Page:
Book Image

PostgreSQL High Availability Cookbook - Second Edition

By : Shaun Thomas
Book Image

PostgreSQL High Availability Cookbook - Second Edition

By: Shaun Thomas

Overview of this book

Databases are nothing without the data they store. In the event of a failure - catastrophic or otherwise - immediate recovery is essential. By carefully combining multiple servers, it’s even possible to hide the fact a failure occurred at all. From hardware selection to software stacks and horizontal scalability, this book will help you build a versatile PostgreSQL cluster that will survive crashes, resist data corruption, and grow smoothly with customer demand. It all begins with hardware selection for the skeleton of an efficient PostgreSQL database cluster. Then it’s on to preventing downtime as well as troubleshooting some real life problems that administrators commonly face. Next, we add database monitoring to the stack, using collectd, Nagios, and Graphite. And no stack is complete without replication using multiple internal and external tools, including the newly released pglogical extension. Pacemaker or Raft consensus tools are the final piece to grant the cluster the ability to heal itself. We even round off by tackling the complex problem of data scalability. This book exploits many new features introduced in PostgreSQL 9.6 to make the database more efficient and adaptive, and most importantly, keep it running.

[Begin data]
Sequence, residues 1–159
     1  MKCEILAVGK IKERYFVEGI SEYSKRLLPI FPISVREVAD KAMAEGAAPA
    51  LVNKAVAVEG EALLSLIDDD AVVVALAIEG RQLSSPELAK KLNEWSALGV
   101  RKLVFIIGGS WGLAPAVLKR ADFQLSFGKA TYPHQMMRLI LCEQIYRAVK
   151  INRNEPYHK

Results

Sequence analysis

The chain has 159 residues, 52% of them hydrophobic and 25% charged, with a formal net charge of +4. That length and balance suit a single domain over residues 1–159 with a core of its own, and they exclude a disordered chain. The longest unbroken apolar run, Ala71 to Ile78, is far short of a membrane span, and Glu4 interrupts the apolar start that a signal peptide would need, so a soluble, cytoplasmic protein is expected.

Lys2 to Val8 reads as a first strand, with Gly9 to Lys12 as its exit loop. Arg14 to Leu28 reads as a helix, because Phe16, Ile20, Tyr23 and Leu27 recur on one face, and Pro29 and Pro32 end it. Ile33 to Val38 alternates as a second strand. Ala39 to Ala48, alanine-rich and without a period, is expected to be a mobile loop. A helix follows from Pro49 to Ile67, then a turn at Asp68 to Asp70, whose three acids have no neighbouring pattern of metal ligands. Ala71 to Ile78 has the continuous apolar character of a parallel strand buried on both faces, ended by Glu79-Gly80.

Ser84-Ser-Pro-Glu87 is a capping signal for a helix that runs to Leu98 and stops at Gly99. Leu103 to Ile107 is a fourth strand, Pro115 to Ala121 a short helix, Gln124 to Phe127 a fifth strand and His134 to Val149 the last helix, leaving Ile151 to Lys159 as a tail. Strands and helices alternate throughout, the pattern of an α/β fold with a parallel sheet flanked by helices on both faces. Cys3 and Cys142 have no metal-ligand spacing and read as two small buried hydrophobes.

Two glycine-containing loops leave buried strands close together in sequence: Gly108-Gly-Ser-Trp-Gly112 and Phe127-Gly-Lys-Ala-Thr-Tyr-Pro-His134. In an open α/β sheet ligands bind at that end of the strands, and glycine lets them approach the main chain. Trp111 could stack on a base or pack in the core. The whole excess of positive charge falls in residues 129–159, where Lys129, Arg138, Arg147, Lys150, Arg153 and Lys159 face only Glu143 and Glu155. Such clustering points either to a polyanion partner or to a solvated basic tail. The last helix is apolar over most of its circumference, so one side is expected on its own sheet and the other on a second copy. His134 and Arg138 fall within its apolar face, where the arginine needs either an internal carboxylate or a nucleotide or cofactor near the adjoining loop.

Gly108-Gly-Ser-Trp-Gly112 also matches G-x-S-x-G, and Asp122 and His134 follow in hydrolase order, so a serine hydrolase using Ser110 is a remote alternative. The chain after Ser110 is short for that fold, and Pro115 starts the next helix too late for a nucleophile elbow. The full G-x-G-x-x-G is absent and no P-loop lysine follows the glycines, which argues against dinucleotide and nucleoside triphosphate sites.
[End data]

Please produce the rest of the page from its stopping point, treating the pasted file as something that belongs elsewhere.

Table of Contents (18 chapters)
Title Page
About the Author
About the Reviewer
Customer Feedback

Exploring the magic of virtual IPs

As we're running a highly-available database, we have at least one standby copy available at all times, right? Of course we do. However, after promoting a standby copy to act as a primary, we need to redirect traffic to the new server. How can we do this easily?

One common method is to use a database connection pool. The pool acts as a connection proxy and simply needs each known node to be registered so that it can redirect connections to the proper primary database server. We will eventually discuss this approach, but there's actually a simpler tool available to us that requires no additional software.

Another method is to change DNS to redirect network connections to the new server. The beauty of this technique is that it masquerades the entire access path to the server so that services other than PostgreSQL can access the new server as well. Unfortunately, subdomains are tied to a single IP address. As DBAs, we probably don't have access to most of the...